Everything in this slideshow
Find Cool Planting Places
Repurposed items such as bathtubs, toilets, and cinder blocks are great for container gardens. They’re also unexpectedly striking garden accents that are sure to draw smiles. Use them for growing vegetables, edible flowers, and culinary herbs to add to your harvest.
More Ideas: Fill up bicycle baskets, toolboxes, jugs, galvanized containers, buckets, ceramic bowls, old pots, and enamel tubs.
Retired garden gear makes a great addition to the garden. For an easy-to-plant whimsical landscaping design idea, roll an old wheelbarrow into a corner or curve in the garden, and plant it with a pretty collection of same-color flowers. The portable nature of the planter makes it possible to move to make the wheelbarrow even more of a focal point for special occasions, such as a garden party.
Planting Tip: Line metal vessels such as wheelbarrows with heavy-duty plastic. If there’s a rusted hole, pull the plastic through and snip a hole for drainage. Then fill with potting soil
Add Natural Accents
Ordinary grapevine wreath can give an interesting organic twist to a variety of garden elements, including a birdbath. Here, grapevine is twisted around a shallow ceramic bowl. Loops of copper wire suspend the birdbath from a branch. Twigs tucked in here and there add to the natural look.
Design Tip: Position your birdbath so you can enjoy it both indoors and out. The view of birds splashing in the water can warm even a winter day.
Use Surprising Finds
Unusual finds might be just the inspiration you need to implement your own whimsical landscaping design ideas. Here, curved bases transform a trio of Gothic-style windows into beautiful, one-of-a-kind cold frames.
Design Tip: Salvaged windows can be useful and beautiful garden accents. Use them to top cold frames. Hang window frames on a fence or wall as garden art. Add a shelf to a window frame and suspend it in the garden; rest potted plants on the shelf and surround the vignette with larger plants.
Whimsical landscaping design ideas often come from found bits and pieces. Grouped together, those items have impact. It doesn’t matter that they were intended for completely separate purposes. Here, a fire-hose winder, a rusted children’s pedal car, and a fencing fragment add texture to a collection of pretty flowers.
Design Tip: Use material, color, and shape to create cohesiveness among disparate elements. For example, the rusty color and curved shapes of the pieces in this grouping bind the scene.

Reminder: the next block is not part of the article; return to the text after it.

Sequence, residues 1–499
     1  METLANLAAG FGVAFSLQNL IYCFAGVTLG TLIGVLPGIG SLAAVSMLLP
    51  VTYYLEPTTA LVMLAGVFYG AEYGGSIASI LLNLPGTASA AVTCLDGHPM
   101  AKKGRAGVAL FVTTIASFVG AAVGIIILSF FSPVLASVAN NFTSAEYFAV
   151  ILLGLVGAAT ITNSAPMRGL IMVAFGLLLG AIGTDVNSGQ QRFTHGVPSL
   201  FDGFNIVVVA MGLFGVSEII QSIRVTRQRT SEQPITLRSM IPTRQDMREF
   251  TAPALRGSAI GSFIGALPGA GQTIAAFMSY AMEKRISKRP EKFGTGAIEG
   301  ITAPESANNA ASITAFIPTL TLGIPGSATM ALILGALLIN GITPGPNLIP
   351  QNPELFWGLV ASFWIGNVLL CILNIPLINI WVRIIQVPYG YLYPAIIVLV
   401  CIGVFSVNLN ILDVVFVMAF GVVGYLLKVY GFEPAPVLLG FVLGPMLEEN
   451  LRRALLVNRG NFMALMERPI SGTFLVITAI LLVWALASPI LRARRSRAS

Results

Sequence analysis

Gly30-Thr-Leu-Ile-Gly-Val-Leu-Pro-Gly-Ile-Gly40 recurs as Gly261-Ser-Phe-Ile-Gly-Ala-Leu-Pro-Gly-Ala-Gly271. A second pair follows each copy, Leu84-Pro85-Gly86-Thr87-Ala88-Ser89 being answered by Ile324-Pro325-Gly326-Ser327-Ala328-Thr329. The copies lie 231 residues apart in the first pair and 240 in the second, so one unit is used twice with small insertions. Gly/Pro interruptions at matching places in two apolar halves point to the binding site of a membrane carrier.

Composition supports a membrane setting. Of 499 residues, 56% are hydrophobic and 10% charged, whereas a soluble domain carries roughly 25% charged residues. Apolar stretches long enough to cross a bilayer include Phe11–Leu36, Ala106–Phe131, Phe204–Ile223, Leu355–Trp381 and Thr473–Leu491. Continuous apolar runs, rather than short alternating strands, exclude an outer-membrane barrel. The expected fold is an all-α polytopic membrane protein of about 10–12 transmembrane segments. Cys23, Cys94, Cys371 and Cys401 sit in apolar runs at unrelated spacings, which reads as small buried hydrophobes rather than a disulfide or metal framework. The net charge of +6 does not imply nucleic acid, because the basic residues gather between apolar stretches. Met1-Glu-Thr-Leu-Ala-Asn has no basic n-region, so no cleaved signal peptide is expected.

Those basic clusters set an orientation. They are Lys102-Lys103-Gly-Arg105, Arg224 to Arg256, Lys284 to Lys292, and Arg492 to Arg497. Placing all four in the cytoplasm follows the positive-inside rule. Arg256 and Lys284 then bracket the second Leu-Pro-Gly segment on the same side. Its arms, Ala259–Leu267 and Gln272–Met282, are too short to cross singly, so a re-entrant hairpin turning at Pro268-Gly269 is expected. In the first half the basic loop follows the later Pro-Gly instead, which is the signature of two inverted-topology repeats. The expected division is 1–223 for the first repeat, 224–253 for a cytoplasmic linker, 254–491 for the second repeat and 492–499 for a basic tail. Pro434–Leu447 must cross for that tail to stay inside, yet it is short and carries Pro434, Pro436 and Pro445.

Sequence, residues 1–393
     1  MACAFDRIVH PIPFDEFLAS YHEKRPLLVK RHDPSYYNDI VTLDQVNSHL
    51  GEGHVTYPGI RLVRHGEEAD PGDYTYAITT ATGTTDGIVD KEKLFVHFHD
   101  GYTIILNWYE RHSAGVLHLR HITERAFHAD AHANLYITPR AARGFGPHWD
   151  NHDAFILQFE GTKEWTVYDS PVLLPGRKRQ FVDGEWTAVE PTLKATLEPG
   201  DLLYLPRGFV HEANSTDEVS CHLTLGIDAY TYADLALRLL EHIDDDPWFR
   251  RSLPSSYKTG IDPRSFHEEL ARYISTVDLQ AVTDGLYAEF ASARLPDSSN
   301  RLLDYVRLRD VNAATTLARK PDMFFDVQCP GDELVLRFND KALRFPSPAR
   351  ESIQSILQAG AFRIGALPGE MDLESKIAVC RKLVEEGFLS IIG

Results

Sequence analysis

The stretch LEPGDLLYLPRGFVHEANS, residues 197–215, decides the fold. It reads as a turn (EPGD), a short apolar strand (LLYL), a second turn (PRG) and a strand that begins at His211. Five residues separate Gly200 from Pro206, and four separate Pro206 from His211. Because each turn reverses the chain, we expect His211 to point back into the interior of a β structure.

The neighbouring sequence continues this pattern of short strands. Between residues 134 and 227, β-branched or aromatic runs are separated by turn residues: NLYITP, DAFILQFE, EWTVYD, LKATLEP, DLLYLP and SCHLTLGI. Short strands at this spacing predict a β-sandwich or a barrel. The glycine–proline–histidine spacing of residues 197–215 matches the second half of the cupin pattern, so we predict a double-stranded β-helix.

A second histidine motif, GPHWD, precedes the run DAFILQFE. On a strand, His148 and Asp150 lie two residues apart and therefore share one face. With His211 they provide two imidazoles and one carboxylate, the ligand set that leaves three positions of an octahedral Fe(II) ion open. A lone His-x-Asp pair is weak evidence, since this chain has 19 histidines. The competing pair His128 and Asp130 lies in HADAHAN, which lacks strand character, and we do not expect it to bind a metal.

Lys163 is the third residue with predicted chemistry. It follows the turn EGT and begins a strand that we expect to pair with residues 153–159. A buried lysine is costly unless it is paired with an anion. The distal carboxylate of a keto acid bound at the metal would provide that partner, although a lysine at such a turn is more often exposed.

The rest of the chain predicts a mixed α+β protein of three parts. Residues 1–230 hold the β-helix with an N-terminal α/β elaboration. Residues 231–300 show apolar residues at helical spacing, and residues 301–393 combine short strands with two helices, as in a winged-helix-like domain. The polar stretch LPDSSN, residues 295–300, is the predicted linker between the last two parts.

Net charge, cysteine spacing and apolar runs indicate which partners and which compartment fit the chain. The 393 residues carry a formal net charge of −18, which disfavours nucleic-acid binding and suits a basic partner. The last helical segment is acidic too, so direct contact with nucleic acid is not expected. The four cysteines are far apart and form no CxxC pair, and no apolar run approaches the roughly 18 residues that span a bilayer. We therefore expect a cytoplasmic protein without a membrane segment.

Sculpt Your Own Accents
Other people’s trash can become your unique and whimsical landscaping design idea. This homeowner found inspiration in old water-spigot handles and brass garden nozzles; she used them to decorate a piece of barn board on a potting shed for sculpture that dresses up the wooden building.
More Ideas: Arrange a group of glass bottles to catch light, hang garden hand tools to focus on their shapes, arrange broken ceramic pieces in a mosaic, or hang nuts and bolts as a mobile.
Group a Collection
One old shovel might be trash, but a small collection of them is treasure, as this display inside a potting shed demonstrates. It’s an example of using garage-sale finds and flea market scores to create your own whimsical landscaping design idea.
Design Tip: Look for a consistent element, such as shape, color, or material, to create an eye-catching display. Typically, a grouping of objects looks less static with an odd number.
Get Your Glove On
Before you trash those old garden gloves, consider them a display-worthy badge of honor. This wooden fence got a fabric-focused accent with the display of a variety of worn-out gloves.
Design Tip: Arrange colors and patterns to create smooth movement through a linear display. A fence naturally leads the eye in one direction. Display your gloves or other fence accents so the eye follows the linear flow.
Create New Life for Old Things
Flotsam and jetsam — wreckage or things cast aside — become a stationary metal tree when grouped together on a tall pole with varied arms. Use different types of materials — chipped porcelain, old wicker, rusted metal — for surprising depth in the back of a flowerbed.